Carrie v. the Fashion Industry

April 28, 2011

I only go clothes shopping once every year or so (barring emergency runs for a new pair of jeans).  I’m not much of a clothes horse.  “Functional” and “Not Looking Like a Hobo” are my primary concerns.  I decided to go on a concerted shopping trip yesterday because I realized I’ve been wearing the same four outfits to my book-related events for the last two or three years.  I really needed some nice new tops.

But I got a little frustrated.

Every few years, the fashion industry comes up with a color palette that seems specifically designed to make fair-skinned blonds look like washed-out zombie people.  This appears to be one of those years.  Peach, gray, and spring green.  Really?  The hell?

Then there were the ruffles.  Everything has ruffles on it.  Ruffles, scrunchies, flowers, fringe, more ruffles.  Women’s clothing has gone ultra ultra froofy feminine this spring.  WHY?!

On top of all that, I seem to have found myself at that awkward in-between age.  The junior section is way too young for me anymore.  But the “women’s” clothing all looks like it belongs on one of those Real Housewives shows.  I really don’t want to look like that, either. I’m *this close* to running screaming back to my jeans and T-shirts.

I did, eventually, find a couple of nice shirts.  One of them is a button-up short sleeve linen-looking  thing with a funky blue print.  When I saw it in the store, I liked it.  Then I looked at it a little more closely.  It sparkled.  I was like, huh?  Then I discovered:  it had about two-dozen random sequins stitched onto it.  Once again, Fashion Industry:  WHY?!  Why would you do that?  Why would you take this relaxed funky shirt and sew sequins on it?!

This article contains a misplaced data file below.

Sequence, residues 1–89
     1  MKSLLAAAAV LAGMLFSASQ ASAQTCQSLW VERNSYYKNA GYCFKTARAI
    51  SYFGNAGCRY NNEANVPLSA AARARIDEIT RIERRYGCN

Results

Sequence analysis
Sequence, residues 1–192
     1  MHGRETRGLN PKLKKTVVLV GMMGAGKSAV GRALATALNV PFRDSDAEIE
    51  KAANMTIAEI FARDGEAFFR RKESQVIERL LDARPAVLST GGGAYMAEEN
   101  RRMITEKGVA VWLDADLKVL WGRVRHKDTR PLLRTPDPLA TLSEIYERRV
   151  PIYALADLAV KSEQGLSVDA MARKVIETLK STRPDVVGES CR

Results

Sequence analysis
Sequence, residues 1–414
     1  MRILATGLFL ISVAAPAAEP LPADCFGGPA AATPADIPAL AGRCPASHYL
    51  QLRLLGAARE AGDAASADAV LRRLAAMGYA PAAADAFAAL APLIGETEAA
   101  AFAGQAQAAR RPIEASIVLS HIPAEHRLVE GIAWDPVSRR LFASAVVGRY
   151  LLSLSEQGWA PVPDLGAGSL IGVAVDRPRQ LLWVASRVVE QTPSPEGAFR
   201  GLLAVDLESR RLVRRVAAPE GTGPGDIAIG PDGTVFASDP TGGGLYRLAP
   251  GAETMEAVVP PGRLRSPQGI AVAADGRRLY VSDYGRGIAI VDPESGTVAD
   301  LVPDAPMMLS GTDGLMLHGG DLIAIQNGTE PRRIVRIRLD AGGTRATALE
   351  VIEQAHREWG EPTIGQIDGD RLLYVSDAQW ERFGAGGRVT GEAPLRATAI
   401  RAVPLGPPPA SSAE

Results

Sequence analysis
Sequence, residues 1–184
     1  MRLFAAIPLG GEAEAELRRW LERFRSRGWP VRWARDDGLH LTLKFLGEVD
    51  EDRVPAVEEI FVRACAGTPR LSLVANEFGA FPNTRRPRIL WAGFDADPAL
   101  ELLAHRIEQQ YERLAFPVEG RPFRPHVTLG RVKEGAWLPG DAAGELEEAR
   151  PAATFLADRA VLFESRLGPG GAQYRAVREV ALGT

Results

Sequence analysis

I bought the shirt anyway.  And cut all the sequins off.

POWER TO THE PEOPLE!

19 Responses to “Carrie v. the Fashion Industry”

  1. Becca Z Says:

    One unexpected perk of this bizarre season is that amidst the faded/washed out color palette and lace and ruffles, I’ve found some truly excellent additions to my steampunk wardrobe on the racks of stores I normally wouldn’t enter without a stake and crucifix. Strap a leather corset and some belts on it, voila!

  2. carriev Says:

    You’re right, there — I did spot a couple of pieces that would have worked great with my leather doublet.

    But that was not yesterday’s mission. I was really focused yesterday. 🙂

  3. LupLun Says:

    Suggestion: shop in the men’s department and go for the “k. d. lang” look. With a ponytail, I think you could pull it off without looking too butch. ^_^

  4. ArcLight Says:

    Jeans and T-shirts rock.

  5. Thomas Says:

    @ArcLight: Indeed they do. I’m just lucky enough to be able to wear them to work most days.

    Carrie, great to hear you found at least a couple of shirts you like. The funky blue one sounds awesome. Good to hear you cut all the ‘sparkles’ off.

    I’m probably overdue for a wardrobe change myself, considering I’ve still been wearing T-Shirts from trips I took seven years ago.

  6. Patricia Mathews Says:

    Every year they change the color palette, so that if I want something I really like, I need to buy several copies. Except that then they change the cut so that you can’t get long sleeves, full-length legs, or a waist above the need for a bikini wax.

    But I can tell you why it’s all fluffy-frilly-ruffly this year. And will probably be for some time. Femaleness – as in tight and clinging over rounded tummies and tops – rules the campus and has for a long, long time. That means fluffy-ruffle femininity is the next step. As in the difference between the glamour of the 1940s and the “Look at me, I’m Sandra Dee” era.
    Pat, so glad to be old enough to be out of the game. As defined as “old enough to remember the fashion the first time around.”

  7. Miss Bliss Says: